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Talking art, cock moulds and revolvers with Harmony Korine

Harmony Korine_4

We meet the cult director to discuss moving from film to painting, a new collaboration with Chris Cunningham and playing dominoes in brothels with Al Pacino

The art world, like everybody else, can’t resist Harmony Korine. A filmmaker with an uncompromising eye for beauty, Korine has been passionate about painting since his teens, which makes his “Fazors” exhibition a must-see for fans. Visitors to the Gagosian Gallery on Davies Street in Mayfair can immerse themselves in the indie auteur’s “fazor” creations – named after the sonic swirl of a musical oscillation. Standing tall with chaos in the brushstrokes, these psychedelic paintings burst with energy, but also bear the DIY originality of a director whose movie debut was praised by Werner Herzog for including bacon taped to the wall.

It’s a logical step for Korine, an inimitable artist renowned for pushing the boundaries of film. After writing Kids at the age of 19, Korine chased a storm in Gummo, joined Dogme 95 with Julien Donkey-Boy, sent Herzog skydiving with nuns in Mister Lonely, delivered on the title of Trash Humpers, and curated the Britney-flavoured pop poetry of Spring Breakers – never forget that James Franco’s “look at my shyeeet” speech tops any Shakespeare soliloquy.

We met up with the art scene’s latest enfant terrible to discuss painting, secret film projects, and finding a revolver in Meryl Streep’s handbag.

I’ve seen all your films, but I didn’t know you’ve been painting all this time.

Harmony Korine: It’s really just in the last couple of years that I started to put more of a focus on artwork – specifically painting. It’s something I’ve always done, but mostly it was in private and away from people.

A few months ago, you had a $120,000 painting stolen from a New York lobby. What’s the latest?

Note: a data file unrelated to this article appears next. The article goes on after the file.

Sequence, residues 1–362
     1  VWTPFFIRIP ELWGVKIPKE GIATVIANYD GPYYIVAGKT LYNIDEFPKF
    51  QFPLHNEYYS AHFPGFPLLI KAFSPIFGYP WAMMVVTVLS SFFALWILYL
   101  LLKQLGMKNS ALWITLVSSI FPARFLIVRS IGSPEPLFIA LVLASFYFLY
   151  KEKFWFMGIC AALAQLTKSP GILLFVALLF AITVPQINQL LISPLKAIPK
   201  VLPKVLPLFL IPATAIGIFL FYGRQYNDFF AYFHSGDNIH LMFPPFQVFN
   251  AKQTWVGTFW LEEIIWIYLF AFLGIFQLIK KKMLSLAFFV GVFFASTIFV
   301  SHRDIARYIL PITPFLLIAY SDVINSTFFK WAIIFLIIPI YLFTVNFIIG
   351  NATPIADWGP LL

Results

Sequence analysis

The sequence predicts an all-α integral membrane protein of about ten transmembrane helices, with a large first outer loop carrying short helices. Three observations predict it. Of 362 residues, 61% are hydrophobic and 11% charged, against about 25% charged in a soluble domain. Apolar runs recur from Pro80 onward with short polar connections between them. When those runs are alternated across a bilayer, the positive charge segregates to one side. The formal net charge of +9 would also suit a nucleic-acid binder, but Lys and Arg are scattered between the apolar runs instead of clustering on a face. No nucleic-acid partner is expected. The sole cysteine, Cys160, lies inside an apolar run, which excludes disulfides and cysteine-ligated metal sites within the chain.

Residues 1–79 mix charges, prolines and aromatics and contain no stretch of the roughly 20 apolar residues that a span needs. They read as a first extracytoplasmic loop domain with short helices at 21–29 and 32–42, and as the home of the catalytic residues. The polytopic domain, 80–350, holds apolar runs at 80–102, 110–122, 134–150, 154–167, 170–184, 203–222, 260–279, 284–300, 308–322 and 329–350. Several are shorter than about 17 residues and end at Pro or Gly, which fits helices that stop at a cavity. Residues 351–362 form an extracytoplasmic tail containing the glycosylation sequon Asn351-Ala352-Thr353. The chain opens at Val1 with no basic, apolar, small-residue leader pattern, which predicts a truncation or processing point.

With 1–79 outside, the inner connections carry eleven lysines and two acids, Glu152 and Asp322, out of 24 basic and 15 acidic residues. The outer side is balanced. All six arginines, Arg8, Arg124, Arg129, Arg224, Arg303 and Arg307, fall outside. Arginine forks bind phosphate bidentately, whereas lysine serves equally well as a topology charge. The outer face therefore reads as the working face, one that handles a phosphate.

Harmony Korine: I don’t know. It was stolen from the person who owned it. I read about it in the papers, the same as everybody else. It was so big, I don’t even understand how it’s possible to pull that off. It would have been easier to forge the painting.

Do you have a message for the thieves?

Harmony Korine: I guess they did a pretty amazing job (laughs). That was something very special. It’s kind of impressive.

Steven Soderbergh retired from filmmaking to take up paintings, but won’t show anyone his artwork. Is there something confessional about painting?

Harmony Korine: I don’t think they’re confessional. I think they’re similar to the films, and the films are similar to the writings. They’re unified. Ever since I was a kid and I started making artwork and movies, I always viewed it as the same thing. There was a unified aesthetic. I never made a hierarchy out of what I was producing. I became more known for the movies, and that took over my life. I always wanted to make things and create.

“There are scripts I’ve written, other manuscripts for books, things from when I was really cracked out – a part of my life when I was walking around with shower caps on my head. My teeth were falling out. I used to walk with two fully-loaded squirt guns”

How would you define “fazor” paintings?

Harmony Korine: I just kind of made the word up. The show title, “Fazors”, it’s more that, with everything, I try to tap into something that’s more inexplicable or closer to a feeling. I try to make paintings that don’t have a fixed point, that are alive and moving.

They remind me of your Bonnie “Prince” Billy music video. How would you describe the energy you’re going for with these paintings?

Harmony Korine: That’s really it. There’s something drug-like, almost. It’s not so conceptually based. It’s more like a hit. There’s a physical component that washes over you.